THE general arrangement of the strata, in different parts of the parish, will be seen from the following Tables.

A TABLE of the STRATA, penetrated by boring

near the Mains of Kilbride.

 

Feet.

In.

Earth, 

2

0

Free-stone, argillaceous

1

0

Daugh, a soft and black substance, chiefly of clay, mica, and what resembles coal-dust

0

6

Free-stone, brownish

12

0

[Free-stone,] white

3

0

Plies, 

3

0

Daugh, 

0

6

Plies, 

2

0

Free-stone, 

4

2

Till, 

58

10

Iron-stone, 

0

6

Till, 

5

9

Whin-stone, 

 0

 7

 

93

10

HERE the search was left off, owing to an opinion that coal, at least in this country, is never got below whin-stone.

A TABLE of the STRATA near Torrance.

 

Feet.

In.

Earth, 

8

0

Free-stone, whitish

6

0

Till, 

1

4

Free-stone, 

2

9

Till, soft and black, called the coal crop

3

3

Till, hard

10

0

Doggar, or Cathead band

0

8

Till, 

5

0

Coal, 

1

6

Till, 

4

0

Coal, called jaunt coal

1

8

Fire-clay, 

3

6

Coal, called smithie coal, because used for smith’s forges

1

2

Mill-stone grit, argillaceous, fine grained

1

2

Till, 

5

0

Plies, 

3

6

Till, with iron-stone

9

6

Coal, 

0

6

Till, 

 1

 4

 

67

10

STRATA in the Murrays

 

Feet.

In.

Earth and clay, 

43

0

Till, 

2

9

Plies, gray

1

5

Fre-stone, with vegetable impressions

0

10

Till, black and hard

2

1

Coal, 

0

2

Free-stone, 

2

0

Till, 

0

10½

Free-stone, with 3 black stripes or seams

5

2

Till, 

4

8

Free-stone, 

2

7

Till, very hard

1

3

Iron-stone, 

0

3

Free-stone, 

10

1

Till, inflammable

0

5

[Till,] not inflammable

2

0

Coal, 

3

4

Till, called the pavement

3

0

Coal, 

0

7

Free-stone, with vegetable impressions

2

5

Plies, 

2

0

Till, black

4

3

Plies, 

0

10

Till, 

0

5

Plies, 

1

0

Free-stone, white

5

8

Till, 

2

0

Free-stone, white

4

7

Plies, 

1

8

Coal, 

0

7

Till, 

1

4

Free-stone, white

4

6

Plies 

1

2

Till, hard, inflammable, with a large portion of iron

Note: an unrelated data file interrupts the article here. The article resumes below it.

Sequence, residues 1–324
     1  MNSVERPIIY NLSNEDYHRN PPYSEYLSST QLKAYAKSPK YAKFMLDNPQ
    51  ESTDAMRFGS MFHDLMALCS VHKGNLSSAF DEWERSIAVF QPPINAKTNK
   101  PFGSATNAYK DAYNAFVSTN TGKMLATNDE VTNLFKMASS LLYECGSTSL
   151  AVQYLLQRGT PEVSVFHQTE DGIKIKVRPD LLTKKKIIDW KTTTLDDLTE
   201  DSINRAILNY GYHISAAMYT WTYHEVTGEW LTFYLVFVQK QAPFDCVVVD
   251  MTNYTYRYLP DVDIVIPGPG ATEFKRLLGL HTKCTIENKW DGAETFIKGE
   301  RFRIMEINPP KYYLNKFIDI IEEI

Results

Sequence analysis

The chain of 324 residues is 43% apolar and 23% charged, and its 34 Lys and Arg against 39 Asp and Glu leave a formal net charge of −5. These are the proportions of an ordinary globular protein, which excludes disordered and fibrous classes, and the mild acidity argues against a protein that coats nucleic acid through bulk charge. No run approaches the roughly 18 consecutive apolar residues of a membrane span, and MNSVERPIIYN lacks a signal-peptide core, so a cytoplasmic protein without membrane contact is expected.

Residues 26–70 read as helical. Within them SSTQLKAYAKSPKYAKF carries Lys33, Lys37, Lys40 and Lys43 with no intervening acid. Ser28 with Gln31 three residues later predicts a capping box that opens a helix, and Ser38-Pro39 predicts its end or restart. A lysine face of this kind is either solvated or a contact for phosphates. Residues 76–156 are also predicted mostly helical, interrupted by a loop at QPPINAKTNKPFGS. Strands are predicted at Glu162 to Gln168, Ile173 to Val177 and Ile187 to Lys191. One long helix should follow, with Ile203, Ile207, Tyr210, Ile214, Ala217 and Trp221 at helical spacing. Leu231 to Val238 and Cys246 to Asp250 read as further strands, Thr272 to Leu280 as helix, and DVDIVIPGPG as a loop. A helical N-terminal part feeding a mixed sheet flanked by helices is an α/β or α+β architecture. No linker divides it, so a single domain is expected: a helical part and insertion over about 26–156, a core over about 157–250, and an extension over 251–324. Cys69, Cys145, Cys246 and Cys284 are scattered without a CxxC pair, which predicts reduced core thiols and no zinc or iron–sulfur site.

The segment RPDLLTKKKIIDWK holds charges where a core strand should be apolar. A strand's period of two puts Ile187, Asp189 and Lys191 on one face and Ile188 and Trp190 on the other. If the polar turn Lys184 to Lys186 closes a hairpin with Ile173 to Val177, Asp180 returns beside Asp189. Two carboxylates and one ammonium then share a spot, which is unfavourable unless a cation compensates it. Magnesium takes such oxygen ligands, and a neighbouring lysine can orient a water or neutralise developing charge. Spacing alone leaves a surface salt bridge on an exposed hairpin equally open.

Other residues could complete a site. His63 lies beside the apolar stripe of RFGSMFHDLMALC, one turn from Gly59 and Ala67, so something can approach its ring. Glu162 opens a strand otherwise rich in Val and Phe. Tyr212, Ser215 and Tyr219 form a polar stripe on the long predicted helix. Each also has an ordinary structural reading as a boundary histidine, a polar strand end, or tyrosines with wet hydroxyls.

0

2

Coal, 

0

10

Till, pavement

 2

 1

 

121

11½

A few yards north of the pit in which the last mentioned metals were dug through, is found a thick dyke of hard argillaceous free-stone, south of which the strata are altered, as appears by the following Table.

 

Feet.

In.

Earth, 

18

0

Till, 

2

0

Doggar, coarse iron-stone

0

4

Till, 

2

0

Free-stone 

9

0

Till, with sea-shells, entrochi, &c

24

0

Splint-coal, 

0

8

Iron-stone, 

0

4

Daugh, 

0

2

Till, 

 5

 10

 

62

4

A TABLE of the STRATA, as they appear

in the Gill, near Bogton.

 

Feet.

In.

Earth, 

12

0

Free-stone, 

7

0

Plies, 

2

4

Coal, 

0

3

Till, 

2

0

Free-stone, white, of a fine close texture

6

0

[Free-stone,] very hard, called the whin-stone band

2

0

[Free-stone,] called the mill-stone band, excellent grind-stones are made of this

8

0

Plies, 

3

6

Till, 

8

4

Free-stone, 

4

0

Till, 

6

0

Iron-stone, 

0

4

Till, 

2

0

Iron-stone, 

0

5

Till, 

1

6

Iron-stone, 

0

5

Till, 

3

0

Iron-stone, 

0

5

Till, 

2

7

Iron-stone, 

0

5

Till, 

3

2

Iron-stone, 

0

4

Till, 

2

6

Iron-stone, 

0

5

Till, 

4

0

Iron-stone balls, from 4 feet to a few inches in breadth, and from 6 to 2 inches in thickness: they are not the septaria: and lie in a flying stratum

0

6

Till, 

6

0

Iron-stone, coarse

1

0

Till, 

3

0

Lime-stone, good

4

0

[Lime-stone,] coarse, with a mixture of iron

2

0

Chert, or rock flint

0

4

Fire clay, 

2

0

Sclutt, soft, and coarse till

10

0

Lime-stone, coarse, with sea-shells

1

0

Free-stone, calcareous, with shells

2

0

Earth and clay, 

2

6

Till, 

1

6

Lime-stone, good

1

8

[Lime-stone,] coarse, called the causeway bed

0

6

[Lime-stone,] thickness not known          
 

120

6

LIME-STONE abounds in many parts of the parish; and so far as has been explored, is incumbent on alternate strata of till and iron-stone, but not on coal. The lime-stone is full of marine productions. The strata generally dip to the north-east. 

IT may in general be observed, that here, as well as in most places in Britain and Ireland, coal is found attended with strata, formed of matter deposited by water, as till, free-stone, &c. 

COAL, in many places of Scotland, is found immediately below a thick stratum of lime-stone, containing the exuviæ of the inhabitants of the Ante-diluvian ocean. Examples of this we have at Hurlet, Loudoun, New-Kilpatrick, &c.

1  Plies, a word used to denote very thin strata of free-stone, separated from each other by a little clay or mica. 
*  Same John Hunter as was discussed in Part IV., pp.168-179.